Axayacatl

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{{#invoke:Hatnote|hatnote}} {{#invoke:Infobox|infobox}} Axayacatl (Template:IPA-nah (the name means "Water-mask" or "Water-face") was the sixth Aztec Emperor, a ruler (tlatoani) of the Postclassic Mesoamerican Aztec Empire and city of Tenochtitlan, who reigned from 1469 to 1481.

He is chiefly remembered for subjugating Tlatelolco, Tenochtitlan's sister city, in 1473.

Biography

Axayacatl was a son of the princess Atotoztli II and her cousin, prince Tezozomoc. He was a grandson of the Emperors Moctezuma I and Itzcoatl. He was a descendant of the king Cuauhtototzin.

He was a successor of Moctezuma and his brothers were Emperors Tizoc and Ahuitzotl and his sister was the Queen Chalchiuhnenetzin. He was an uncle of the Emperor Cuauhtémoc and father of Emperors Moctezuma II and Cuitláhuac.

Using as a pretext the insulting behavior of a few Tlatelolcan citizens, Axayacatl invaded his neighbor, killed its ruler, Moquihuix, and replaced him with a military governor. The Tlatelolcans lost any voice they had in forming Aztec policy. It is also important that the Great Sun Stone, also known as the Aztec Calendar, was carved under his leadership.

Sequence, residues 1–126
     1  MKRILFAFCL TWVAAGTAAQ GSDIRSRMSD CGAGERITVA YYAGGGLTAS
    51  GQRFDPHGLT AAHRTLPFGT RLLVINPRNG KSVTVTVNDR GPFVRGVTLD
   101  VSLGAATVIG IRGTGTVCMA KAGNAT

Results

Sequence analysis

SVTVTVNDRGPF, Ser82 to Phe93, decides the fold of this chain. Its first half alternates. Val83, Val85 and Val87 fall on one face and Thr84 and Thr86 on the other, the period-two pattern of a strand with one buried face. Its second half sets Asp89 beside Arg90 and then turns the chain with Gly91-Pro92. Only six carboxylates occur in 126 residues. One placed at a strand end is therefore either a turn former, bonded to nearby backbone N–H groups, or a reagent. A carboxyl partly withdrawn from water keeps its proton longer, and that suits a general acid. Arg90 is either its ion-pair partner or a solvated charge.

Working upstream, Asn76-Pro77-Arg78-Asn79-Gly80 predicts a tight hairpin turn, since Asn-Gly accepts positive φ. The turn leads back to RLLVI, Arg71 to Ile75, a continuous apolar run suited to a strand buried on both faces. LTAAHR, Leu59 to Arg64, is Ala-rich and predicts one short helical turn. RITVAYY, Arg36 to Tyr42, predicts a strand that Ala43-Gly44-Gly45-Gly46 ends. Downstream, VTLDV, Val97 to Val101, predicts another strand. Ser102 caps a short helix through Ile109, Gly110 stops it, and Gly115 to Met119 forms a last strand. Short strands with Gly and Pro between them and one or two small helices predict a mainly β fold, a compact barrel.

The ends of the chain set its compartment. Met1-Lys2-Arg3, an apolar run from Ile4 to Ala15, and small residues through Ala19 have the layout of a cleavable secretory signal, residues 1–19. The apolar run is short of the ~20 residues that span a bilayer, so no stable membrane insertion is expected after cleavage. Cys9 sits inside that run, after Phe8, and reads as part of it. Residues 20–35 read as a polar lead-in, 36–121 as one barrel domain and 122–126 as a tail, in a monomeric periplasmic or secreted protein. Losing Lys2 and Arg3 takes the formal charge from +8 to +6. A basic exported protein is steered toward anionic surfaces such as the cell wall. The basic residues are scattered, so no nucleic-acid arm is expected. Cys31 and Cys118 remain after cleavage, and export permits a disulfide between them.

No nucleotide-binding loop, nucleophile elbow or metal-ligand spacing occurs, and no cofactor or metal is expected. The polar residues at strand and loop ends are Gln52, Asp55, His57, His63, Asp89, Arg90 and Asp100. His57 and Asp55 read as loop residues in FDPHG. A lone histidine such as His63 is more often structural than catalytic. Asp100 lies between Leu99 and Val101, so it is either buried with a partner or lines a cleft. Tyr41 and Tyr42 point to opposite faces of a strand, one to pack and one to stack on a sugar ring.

He was followed on the throne by his brother Tizoc in 1481.

Map showing territorial expansions of the Aztec Empire under each of the Aztec rulers. Expansions during the reign of Axayacatl are indicated in blue.[1]


Notes

  1. Map based on Hassig (1988)

References

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External links

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